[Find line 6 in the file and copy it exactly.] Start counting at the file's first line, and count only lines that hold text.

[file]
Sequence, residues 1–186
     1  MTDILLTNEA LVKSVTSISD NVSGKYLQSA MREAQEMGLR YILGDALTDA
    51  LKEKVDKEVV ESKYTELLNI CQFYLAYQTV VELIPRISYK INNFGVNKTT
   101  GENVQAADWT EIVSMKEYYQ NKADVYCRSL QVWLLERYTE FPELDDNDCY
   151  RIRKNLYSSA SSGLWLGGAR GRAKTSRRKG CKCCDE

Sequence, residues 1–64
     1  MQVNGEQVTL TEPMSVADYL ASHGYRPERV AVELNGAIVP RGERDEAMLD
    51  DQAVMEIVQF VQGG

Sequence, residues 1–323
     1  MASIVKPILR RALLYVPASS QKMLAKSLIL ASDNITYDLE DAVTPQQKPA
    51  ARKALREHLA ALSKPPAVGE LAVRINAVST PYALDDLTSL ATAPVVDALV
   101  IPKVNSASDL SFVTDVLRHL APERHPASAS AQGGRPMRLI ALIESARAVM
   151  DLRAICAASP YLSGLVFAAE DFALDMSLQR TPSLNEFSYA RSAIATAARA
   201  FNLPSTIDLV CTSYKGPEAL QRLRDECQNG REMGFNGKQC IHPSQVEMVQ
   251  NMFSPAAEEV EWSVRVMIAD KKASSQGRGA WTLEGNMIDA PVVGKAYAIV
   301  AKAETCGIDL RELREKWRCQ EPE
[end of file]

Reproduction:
Sequence, residues 1–64